The concepts Industry 4.0 in Europe, Made in China 2025 and smart manufacturing in the U.S. “all share a common goal—to create cyber-physical systems to innovate in manufacturing,” IDC's Bob Parker said at Dassault Systèmes’ recent Manufacturing in the Age of Experience event. “And it’s really dependent on a set of new technologies like IoT (the Internet of Things) and artificial intelligence (AI).”
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I experienced the end of the Third Industrial Revolution as I began my career in manufacturing. Closed government and private networks gave way to an open network called the Internet.
In a broad-ranging display of high-precision manufacturing proficiencies, Murata Machinery USA demonstrated its turning, fiber laser, punch press and automated storage technologies Sept. 18-20 at its biennial North American technology showcase.
Information technology and operations technology are unlikely candidates for a successful marriage. But to ensure that manufacturers thrive in the digital age, OT and IT must find ways to work together—or to at least, as on Tinder, swipe right to indicate interest.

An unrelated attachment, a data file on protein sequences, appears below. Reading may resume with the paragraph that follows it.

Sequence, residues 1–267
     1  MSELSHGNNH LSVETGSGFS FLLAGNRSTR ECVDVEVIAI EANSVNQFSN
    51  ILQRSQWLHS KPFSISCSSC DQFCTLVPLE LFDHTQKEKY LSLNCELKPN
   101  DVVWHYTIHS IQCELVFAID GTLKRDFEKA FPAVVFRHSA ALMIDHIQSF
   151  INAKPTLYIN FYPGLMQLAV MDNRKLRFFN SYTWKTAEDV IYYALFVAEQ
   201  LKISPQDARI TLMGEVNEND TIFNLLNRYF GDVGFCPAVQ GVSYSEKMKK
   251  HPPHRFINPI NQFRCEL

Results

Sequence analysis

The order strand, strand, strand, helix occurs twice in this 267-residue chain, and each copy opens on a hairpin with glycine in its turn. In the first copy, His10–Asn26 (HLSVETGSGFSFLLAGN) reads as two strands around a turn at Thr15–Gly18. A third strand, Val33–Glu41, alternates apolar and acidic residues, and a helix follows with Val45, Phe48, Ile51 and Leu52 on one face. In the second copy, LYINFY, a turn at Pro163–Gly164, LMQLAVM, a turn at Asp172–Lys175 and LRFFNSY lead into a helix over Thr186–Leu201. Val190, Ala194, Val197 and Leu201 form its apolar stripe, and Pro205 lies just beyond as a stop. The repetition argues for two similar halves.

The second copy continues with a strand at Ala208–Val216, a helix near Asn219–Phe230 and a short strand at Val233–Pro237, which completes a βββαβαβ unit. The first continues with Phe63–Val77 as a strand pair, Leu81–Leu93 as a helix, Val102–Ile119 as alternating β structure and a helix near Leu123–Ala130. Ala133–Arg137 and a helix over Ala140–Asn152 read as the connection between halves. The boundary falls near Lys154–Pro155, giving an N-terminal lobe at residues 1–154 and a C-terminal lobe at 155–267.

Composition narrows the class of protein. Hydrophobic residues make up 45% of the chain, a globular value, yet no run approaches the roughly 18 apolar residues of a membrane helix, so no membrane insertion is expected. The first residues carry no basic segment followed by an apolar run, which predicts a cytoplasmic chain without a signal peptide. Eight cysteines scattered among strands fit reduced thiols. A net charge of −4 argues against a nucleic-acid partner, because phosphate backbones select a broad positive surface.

Manufacturers who have deployed the digital or smart factory have put down their pencils, found new uses for their clipboards and closed their spreadsheet programs in favor of using real-time data gleaned from condition monitoring of their machinery.
Industrial robots are becoming easier to program, more versatile, more cost-effective, more accurate and more mobile. These changes are lowering barriers to entry, shortening return on investment and making robots a more practical investment.
The second level of machining automation is here. It may not be at every shop or factory yet, but it’s coming.
With an influx of investment in digital factories, the playing field is changing and the ROI for digitizing production is becoming ever more apparent. However, restraints, such as company size and a disconnect between IT and OT, means the road to a successful digital transformation is one very few will be able to do alone.
For years, companies have struggled to understand how additive manufacturing (AM) can add value to their businesses. This makes sense because for a long time, additive tech didn’t meet the threshold for producing industrial-grade parts.
Cloud technology presents manufacturers with opportunities to improve the flexibility, scalability and efficiency of their operations. Realizing these benefits will require more than simply doing a one-to-one transfer of current technology to cloud-based servers.